The government has failed to get poor New Yorkers to use banks. But FinTech firms could close the gap.

By Gabe Fenigsohn

As an ever-increasing series of scandals envelops LendingClub, with both federal investigators and New York regulators alleging such misdeeds as falsified documents and onerous fees, the peer-to-peer lender is not simply self-destructing. It also threatens an entire nascent industry that had enormous potential to provide trusted financial services to the 1.1 million New Yorkers who are unbanked or underbanked.

Our city, the center of finance and the home of Wall Street, contains a higher percentage of residents either without bank accounts or underserved by banks than anywhere else in the state. In fact, the city is the unbanked capital of the country. Google’s recent announcement of a ban on payday loan ads speaks to the reality that for a vast number of consumers outside of the banking system, reputable options are limited. The key to making inroads still lies in our city’s innovative financial tech sector, but the standards must be raised.

One of every nine New Yorkers lacks a bank account. More than one of every four New Yorkers rely on expensive alternatives such as check-cashing, pawn shops, and those notorious payday loans, according to the most recent data collected by The Urban Institute, an economic and social policy research organization. The economic costs—ranging from high fees, to poor credit, to susceptibility to theft—tax a population with disproportionately low resources and profound financial insecurity. If the political will does not exist to address this crisis, the private sector must meet the need rather than prey upon the vulnerable.

Severe poverty is closely correlated with lower rates of banking. This is not about upwardly-mobile millennial professionals splitting the restaurant bill on Venmo. In all but two of the 15 most unbanked areas of the city, at least a quarter of residents live below the poverty line. Complex and varied factors—largely concentrated in the Bronx and Brooklyn, yet also reflected in low-income areas throughout the city—keep banking out of reach of those who need it most.

Minimum balances, distrust of the formal banking sector, language barriers and an inability to wait for checks to clear are just a few of the reasons the poor resort to expensive alternatives. While the city’s Department of Consumer Affairs provides free assistance with opening bank accounts and navigating the financial system, these efforts have proved inadequate in reaching target populations to resolve the problem.

New York City is in fact uniquely poised to disrupt banking obstacles due to a thriving and well-funded tech sector. The greatest minds in finance, digital technology and urban development possess the skills to create above-board collaborative solutions to connect consumers with free and low-cost options, either within banks or outside of them, for depositing money, transferring it, and—most critically—saving it as a means of building emergency funds, security, and hope for the future. The transgressions of LendingClub must not make us lose sight of the larger picture; there continues to be enormous potential in this sector for the intersection of financial growth and the social good.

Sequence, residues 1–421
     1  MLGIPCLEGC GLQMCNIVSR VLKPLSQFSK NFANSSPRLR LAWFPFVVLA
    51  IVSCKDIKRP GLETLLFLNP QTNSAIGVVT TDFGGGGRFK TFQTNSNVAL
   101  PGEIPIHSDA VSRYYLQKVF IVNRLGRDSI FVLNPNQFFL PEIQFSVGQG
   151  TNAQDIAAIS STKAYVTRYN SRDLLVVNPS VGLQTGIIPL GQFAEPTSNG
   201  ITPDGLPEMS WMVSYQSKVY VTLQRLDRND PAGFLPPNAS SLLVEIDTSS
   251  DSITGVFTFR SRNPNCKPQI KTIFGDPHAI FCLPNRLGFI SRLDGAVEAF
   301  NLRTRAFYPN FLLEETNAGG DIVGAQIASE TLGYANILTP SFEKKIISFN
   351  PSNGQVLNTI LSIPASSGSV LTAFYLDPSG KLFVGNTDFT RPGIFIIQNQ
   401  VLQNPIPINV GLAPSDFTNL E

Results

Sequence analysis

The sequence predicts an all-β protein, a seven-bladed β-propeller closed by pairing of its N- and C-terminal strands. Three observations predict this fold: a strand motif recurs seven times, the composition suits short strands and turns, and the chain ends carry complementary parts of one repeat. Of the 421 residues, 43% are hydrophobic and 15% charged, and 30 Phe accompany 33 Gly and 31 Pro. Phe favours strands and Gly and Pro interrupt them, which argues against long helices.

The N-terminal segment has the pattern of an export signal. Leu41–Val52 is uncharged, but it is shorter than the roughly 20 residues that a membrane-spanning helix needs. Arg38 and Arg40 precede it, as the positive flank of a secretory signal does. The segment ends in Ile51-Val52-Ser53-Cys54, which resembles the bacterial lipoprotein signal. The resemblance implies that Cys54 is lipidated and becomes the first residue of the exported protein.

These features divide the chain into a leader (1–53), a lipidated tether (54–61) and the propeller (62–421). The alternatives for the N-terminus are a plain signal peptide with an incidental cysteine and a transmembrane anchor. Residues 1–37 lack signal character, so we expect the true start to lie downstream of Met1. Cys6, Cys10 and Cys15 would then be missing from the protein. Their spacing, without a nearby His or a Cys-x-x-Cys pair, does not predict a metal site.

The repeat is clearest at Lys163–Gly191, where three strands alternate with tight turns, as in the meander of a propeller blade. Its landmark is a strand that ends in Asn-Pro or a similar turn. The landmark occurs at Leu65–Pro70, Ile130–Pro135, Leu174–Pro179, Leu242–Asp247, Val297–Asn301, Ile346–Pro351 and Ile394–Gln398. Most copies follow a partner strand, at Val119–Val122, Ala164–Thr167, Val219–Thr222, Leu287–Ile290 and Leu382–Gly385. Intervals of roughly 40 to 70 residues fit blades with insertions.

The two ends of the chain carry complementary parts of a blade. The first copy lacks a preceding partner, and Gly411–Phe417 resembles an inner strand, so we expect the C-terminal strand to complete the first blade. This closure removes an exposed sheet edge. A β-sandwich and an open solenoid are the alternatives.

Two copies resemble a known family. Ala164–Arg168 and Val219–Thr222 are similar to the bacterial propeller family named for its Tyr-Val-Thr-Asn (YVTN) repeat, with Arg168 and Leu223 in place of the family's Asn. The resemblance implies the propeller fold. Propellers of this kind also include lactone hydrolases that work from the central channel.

Massive tech-inspired reductions in the high rates of financially under-served New Yorkers are not unrealistic. Considering that 96 percent of New York city residents have a cellphone—higher than the national average—perhaps a mobile solution is a start. One model would be the approach taken by The Neighborhood Trust, a Washington Heights non-profit specializing in financial literacy and empowerment for low-income New Yorkers. In concert with Cardwell Beach, a Brooklyn-based development team, they’re managing to help hundreds of NYC residents access resources and track goals via mobile apps that reduce the need for face-to-face financial counseling sessions. Clients map out income and expenses, set up automated savings accounts, gain access to credit unions, and receive assistance paying off high-interest debt.

Such initiatives, while a start, must happen on a larger scale for systemic change in a city plagued by immense poverty and socioeconomic segregation. Tech partnerships with existing governmental organizations, including the Department of Financial Services’ Banking Development District Program, have the capacity to alleviate the disconnect between the poor and much-needed financial networks. Critically, these partnerships must involve the unbanked and underbanked themselves, who know more than anyone what it means to live on tight budgets and low wages, and can inform the work of pioneers in this field.

Although we live in a city struggling with economic inequality, barriers to resources, and yes, financial misconduct, we also live in a city of unparalleled ingenuity and talent rivaling that of any city in the world. Let’s harness that talent to put ethical financial services within reach of all New Yorkers.

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